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John Willson: 'living long' with poetry workshop

Fellow poets gather to celebrate 12 years of critique and camaraderie.

John Willson has helped send other peoples’ poems winging out into the world for a dozen years.

Now, the flock converges on Island Center April 25 to honor the longtime island poet with a reading by poets who’ve attended Willson’s workshops – a celebration that also wraps national Poetry Month.

“He inspires people not just to write their own work but also to see each others’ work, and have the courage to comment,” poet Sue Hylen said. “And that’s what brings people back over and over, and makes the poetry workshop a very special venue.”

Willson figures that he’s hosted between 100 and 200 poets over the 12 years of the workshop. The precise number is hard to fix, he says, because many of the participants dropped in for a class or two.

Willson joined poet Nancy Rekow’s poetry workshop on Bainbridge soon after moving to the island in 1984, introduced by fellow versifier John Davis.

It was Davis who suggested that Willson might start his own workshop and Hylen – another Rekow regular, and coordinator of cultural programming for the Bainbridge Island Park District – who provided the framework.

The venue was, and still is, Camp Yeomalt, once known as Camp Hopkins.

Methodology hasn’t changed much over the years. “The first thing we do is get the water boiling for the tea and get the cookies on the plates,” he said.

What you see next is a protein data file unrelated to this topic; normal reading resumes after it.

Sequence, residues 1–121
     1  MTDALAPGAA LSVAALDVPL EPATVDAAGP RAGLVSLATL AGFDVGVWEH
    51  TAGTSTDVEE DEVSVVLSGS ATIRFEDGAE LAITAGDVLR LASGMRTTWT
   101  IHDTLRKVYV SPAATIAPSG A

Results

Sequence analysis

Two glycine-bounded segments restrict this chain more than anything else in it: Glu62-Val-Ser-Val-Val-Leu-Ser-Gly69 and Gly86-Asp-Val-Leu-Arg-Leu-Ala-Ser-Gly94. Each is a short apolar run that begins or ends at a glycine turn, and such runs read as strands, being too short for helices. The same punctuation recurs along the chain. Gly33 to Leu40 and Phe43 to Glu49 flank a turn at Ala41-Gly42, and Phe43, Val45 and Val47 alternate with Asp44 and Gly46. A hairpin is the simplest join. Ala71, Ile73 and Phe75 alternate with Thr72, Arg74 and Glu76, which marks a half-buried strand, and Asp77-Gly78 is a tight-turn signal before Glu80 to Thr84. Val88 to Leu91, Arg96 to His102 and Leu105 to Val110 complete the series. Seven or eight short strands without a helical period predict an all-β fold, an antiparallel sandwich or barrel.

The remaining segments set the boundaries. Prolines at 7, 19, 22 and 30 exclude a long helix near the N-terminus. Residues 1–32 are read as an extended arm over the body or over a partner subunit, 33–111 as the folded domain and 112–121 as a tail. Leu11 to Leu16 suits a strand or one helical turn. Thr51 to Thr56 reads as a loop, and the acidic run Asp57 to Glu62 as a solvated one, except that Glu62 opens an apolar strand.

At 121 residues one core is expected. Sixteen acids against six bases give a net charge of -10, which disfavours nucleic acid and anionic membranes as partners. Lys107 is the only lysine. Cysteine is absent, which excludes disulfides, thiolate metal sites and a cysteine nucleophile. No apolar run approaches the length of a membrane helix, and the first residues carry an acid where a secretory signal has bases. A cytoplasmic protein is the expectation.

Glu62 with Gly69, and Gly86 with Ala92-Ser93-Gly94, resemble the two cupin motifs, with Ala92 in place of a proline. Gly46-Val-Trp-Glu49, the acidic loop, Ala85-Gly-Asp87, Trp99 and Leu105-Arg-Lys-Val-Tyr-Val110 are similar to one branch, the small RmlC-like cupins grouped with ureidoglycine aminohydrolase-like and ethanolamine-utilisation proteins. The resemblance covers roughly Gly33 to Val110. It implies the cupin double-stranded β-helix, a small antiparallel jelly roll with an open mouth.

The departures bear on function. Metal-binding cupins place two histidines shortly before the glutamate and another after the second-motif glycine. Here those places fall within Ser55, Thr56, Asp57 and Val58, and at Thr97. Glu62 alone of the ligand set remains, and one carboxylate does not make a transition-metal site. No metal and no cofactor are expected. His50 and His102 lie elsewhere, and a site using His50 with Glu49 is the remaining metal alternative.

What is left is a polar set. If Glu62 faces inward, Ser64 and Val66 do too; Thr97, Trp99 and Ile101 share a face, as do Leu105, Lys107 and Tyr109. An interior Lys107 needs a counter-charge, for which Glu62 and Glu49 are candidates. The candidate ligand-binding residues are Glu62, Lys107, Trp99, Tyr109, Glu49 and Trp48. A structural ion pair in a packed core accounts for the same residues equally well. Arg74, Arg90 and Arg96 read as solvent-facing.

Copies of participants’ work are handed out, then read aloud and commented upon, while the writer listens in silence.

“The idea is that you can’t climb into an envelope and explain a poem when you send it to an editor,” Willson said.

Willson’s own role is to keep the conversation going and to set a positive tone – a careful contrast to both the politically charged atmosphere that pervades some academic workshops, and the too-comfortable ambiance that may overtake gatherings of poets who are also friends.

“What I’ve always tried to foster is a supportive and constructive atmosphere,” he said, “so that the poet would have a balance of input between the ‘brass tacks’ comments – diction, line breaks, stanza break and word choice, the mechanics of it – and the overall gut feeling that a poem conveys.”

Willson believes in slow revision, in “living long with a poem,” so revision is an important part of the workshop.

Participants may turn up with new versions of poems they introduced months or years before.

He points to longtime workshop member Marian McDonald, an island poet who died earlier this year, as an example of a “tireless reviser.”

“She was in the workshop for five years, longer than anyone else,” he said, “and she would revise her poems over and over again and bring them in on successive weeks. You felt the participatory nature of poetry writing in that revision process.”

While the workshop usually has a consistent core of four or five people, there are drop-ins who come and go. The shifting chemistry of the group keeps the workshop dynamic, Willson says, an enterprise that feeds his own work.

While Willson acknowledges his own preference for poems that evoke visual images and speak to human quandaries, those biases are set aside when he approaches workshop poems.

“I have to think that something’s going right,” he said, “because there’s just an incredible diversity of variety and voices coming out of the workshop. Distinctive voices.”

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A reading by poets from the Bainbridge Island Park District Poetry Workshop honors long-time workshop leader and award-winning poet John Willson, 2-4 p.m. April 25 at Island Center Hall. Free.

Information: 842-2306 or www.biparks.org.

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